"Hamas Drops Call for Israel's Destruction," headlined The Wall Street Journal last week. The New York Times told its readers: "Hamas Moderates Talk on Israel." And the United Kingdom's The Guardian concluded that Hamas had produced a document likely to "ease peace process."
All this is big news — or would be if it were true. But it's not. Not even close. What it is instead: more evidence that, when it comes to Islamists, too many journalists are losing what George Orwell called the "constant struggle" to see "what is in front of one's nose."
To understand what's really going on, start with a few pertinent facts. Hamas, the Palestinian branch of the Muslim Brotherhood, is recognized as a terrorist organization by the United States, Britain and the European Union. Following Israel's withdrawal from Gaza in 2005, civil war broke out between Hamas and its main rival, Fatah, headed by Palestinian Authority President Mahmoud Abbas.
Within two years, Hamas had prevailed. It has ruled Gaza ever since, devoting its energies to launching rockets, digging terrorist tunnels and provoking three wars with Israel.
In its 1988 founding charter, Hamas makes clear that its goal is to wipe Israel off the map. It rejects a "two-state solution" because, as it interprets Islamic scripture, any land conquered by Muslims at any time in history is as an endowment from Allah to the Muslims. No one has the authority to surrender such territory to non-Muslims.
Last week, at a press conference in Doha, the capital of Qatar, Hamas unveiled what it called a "Document of General Principles and Policies." Hamas implicitly renounced its ties to the Muslim Brotherhood, the organization that launched the modern Islamist movement 89 years ago. However, it mentioned no ideological disagreements with the Brotherhood.
So why the ostensible break? Hamas leaders would like increased international acceptance and, in particular, to be viewed more kindly by Egyptian President Abdel Fattah el-Sissi. Indeed, Egypt, Saudi Arabia and the United Arab Emirates all regard the Brotherhood as a terrorist organization.
In the document, Hamas says it is willing to accept a provisional Palestinian state within the 1967 lines. It doesn't say it's unwilling to accept Israel beyond those lines.
As for those lines, take a moment to recall how they came into being. Sixty-nine years ago this month, Israel declared its independence within part of Mandate Palestine, territory the British had taken from the Turks after World War I. The largest chunk of that territory had already become what is now known as Jordan. The U.N. proposed dividing the remainder into two states: one Jewish and one Arab. The Israelis said they could live with that. The Arabs said they would not.
The armies of Egypt, Syria, Lebanon and Jordan invaded and attempted to destroy the fledgling Jewish state. In 1949, the conflict came to a halt. The armistice lines held until 1967 when a second attempt was made to push the Jews into the sea. That effort also failed and the Israelis ended up taking Gaza from Egypt and the West Bank from Jordan. Ever since, they've attempted to trade land for peace. They have not, obviously, succeeded.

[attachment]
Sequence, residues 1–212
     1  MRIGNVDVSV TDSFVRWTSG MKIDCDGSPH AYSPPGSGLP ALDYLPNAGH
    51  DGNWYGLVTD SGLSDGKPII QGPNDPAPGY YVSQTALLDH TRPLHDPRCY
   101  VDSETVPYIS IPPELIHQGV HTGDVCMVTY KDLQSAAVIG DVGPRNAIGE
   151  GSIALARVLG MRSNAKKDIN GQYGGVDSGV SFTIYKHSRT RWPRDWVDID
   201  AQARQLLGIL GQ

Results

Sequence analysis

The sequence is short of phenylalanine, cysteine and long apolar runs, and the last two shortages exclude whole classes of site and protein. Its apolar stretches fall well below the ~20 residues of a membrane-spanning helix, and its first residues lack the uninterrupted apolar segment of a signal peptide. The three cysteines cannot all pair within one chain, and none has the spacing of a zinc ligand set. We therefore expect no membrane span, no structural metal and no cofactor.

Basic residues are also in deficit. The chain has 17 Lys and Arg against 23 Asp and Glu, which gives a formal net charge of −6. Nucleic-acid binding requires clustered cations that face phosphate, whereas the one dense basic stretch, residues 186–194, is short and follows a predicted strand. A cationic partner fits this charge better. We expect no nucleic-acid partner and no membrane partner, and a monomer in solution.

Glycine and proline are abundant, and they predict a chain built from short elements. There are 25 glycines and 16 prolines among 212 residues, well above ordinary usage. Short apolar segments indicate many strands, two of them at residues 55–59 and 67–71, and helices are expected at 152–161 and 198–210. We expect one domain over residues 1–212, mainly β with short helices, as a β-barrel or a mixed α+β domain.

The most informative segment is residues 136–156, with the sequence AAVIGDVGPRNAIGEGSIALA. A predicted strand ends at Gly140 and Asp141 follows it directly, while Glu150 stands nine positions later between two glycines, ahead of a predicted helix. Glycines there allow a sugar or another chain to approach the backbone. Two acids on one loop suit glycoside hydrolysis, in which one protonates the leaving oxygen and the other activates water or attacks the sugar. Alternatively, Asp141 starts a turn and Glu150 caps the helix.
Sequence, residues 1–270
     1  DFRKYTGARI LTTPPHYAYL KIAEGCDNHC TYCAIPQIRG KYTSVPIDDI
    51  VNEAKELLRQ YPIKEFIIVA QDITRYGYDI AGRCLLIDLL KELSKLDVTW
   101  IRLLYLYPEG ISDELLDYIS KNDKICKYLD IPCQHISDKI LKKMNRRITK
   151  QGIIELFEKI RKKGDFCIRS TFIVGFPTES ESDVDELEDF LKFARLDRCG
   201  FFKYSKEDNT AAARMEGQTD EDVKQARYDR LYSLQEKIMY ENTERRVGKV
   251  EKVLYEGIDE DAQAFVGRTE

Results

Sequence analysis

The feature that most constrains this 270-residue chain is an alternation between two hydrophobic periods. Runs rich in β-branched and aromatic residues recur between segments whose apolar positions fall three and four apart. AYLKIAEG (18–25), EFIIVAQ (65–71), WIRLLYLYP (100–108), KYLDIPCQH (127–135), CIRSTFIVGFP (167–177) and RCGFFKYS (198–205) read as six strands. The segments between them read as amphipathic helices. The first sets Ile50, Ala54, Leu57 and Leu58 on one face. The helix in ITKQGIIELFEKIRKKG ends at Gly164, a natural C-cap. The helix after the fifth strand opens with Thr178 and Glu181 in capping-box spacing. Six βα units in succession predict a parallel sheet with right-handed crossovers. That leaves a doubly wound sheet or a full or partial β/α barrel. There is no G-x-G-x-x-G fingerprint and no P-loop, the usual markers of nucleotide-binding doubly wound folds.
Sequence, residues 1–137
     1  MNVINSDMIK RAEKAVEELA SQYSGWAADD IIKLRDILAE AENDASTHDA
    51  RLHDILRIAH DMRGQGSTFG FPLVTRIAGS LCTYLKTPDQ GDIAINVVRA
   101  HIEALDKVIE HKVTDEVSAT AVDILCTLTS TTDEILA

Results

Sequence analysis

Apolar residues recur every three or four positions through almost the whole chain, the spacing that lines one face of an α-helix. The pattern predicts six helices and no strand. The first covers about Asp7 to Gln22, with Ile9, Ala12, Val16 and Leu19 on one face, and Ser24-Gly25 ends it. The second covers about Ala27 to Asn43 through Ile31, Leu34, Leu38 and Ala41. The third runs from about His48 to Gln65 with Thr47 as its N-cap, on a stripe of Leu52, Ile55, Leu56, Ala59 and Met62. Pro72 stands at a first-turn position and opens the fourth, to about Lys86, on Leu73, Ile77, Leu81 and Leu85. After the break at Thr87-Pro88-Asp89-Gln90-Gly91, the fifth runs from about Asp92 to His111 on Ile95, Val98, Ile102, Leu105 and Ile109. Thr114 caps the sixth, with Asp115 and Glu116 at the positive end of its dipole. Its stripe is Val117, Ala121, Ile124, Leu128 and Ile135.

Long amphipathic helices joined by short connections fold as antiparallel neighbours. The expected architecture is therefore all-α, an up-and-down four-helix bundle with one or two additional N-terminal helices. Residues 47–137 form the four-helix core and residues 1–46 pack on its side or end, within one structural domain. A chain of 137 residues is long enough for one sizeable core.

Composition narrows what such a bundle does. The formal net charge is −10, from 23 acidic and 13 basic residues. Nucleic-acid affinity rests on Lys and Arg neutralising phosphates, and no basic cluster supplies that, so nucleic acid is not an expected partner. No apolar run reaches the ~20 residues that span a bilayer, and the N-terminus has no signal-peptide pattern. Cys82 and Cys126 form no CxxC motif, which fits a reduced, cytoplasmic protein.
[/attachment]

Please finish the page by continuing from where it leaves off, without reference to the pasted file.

The new Hamas document continues to rule out peaceful coexistence with the "enemy," also called the "Zionist project." It envisions "the full and complete liberation of Palestine, from the river to the sea," in other words every inch of Israel. (Though the notion that Gazans are "liberated" is simply absurd.)
Nor does Hamas disavow terrorism, which it euphemizes as "resistance," noting that it considers "all means and methods" — e.g., suicide bombings, knifing children — permissible and indeed "guaranteed by divine laws, customs and international laws."
Over the weekend, Hamas made news a second time when it named Ismail Haniya to its senior leadership position. If he follows the example of his predecessor, Khaled Meshal, he will now move from Gaza to Qatar, where he will rule from the relative safety of an elegant Doha hotel suite.
Inside Gaza, the most powerful figure will be Yahya Sinwar, leader of Hamas' military wing, often described by journalists as a hard-liner. (Do those journalists really expect us to believe that there are jihadi terrorist moderates?)
You may be wondering: What is Qatar's angle? An oil-and-gas-rich ministate on the northeastern coast of the Arabian Peninsula, Qatar is ruled by a 36-year-old hereditary emir, Sheikh Tamim bin Hamad Al Thani. He is extraordinarily adept at playing both ends against the middle.
He provides Hamas not just with a capital-in-exile but also with much of its funding. He supports other Muslim Brotherhood organizations throughout the region. Financiers of al Qaeda, the Taliban and other terrorist groups operate openly in Qatar.
At the same time, the emir transmits Qatari perspectives — a less polite term would be Islamist propaganda — around the world through al Jazeera, the state-funded international television network.
But Qatar has another face. It hosts the largest American military base in the Middle East. It contributes millions of dollars to several Washington think tanks. And it lavishly subsidizes satellite campuses for American universities. Among them: Georgetown, Cornell, Carnegie Mellon, Northwestern, Texas A&M and Virginia Commonwealth.
The campuses are located in "Education City," where the main mosque regularly features Islamist clerics. For example: Mudassir Ahmed who from the pulpit last year said: "Kill the infidels. ... Count them in number and do not spare one!" Another preacher called for Allah to "render victorious our brothers the mujahedeen ... in every place" and to "guide their shooting."
What do the administrators of the American colleges say about this? Not a word. When it comes to Islamists, too many academics long ago gave up the struggle to see what's in front of their noses.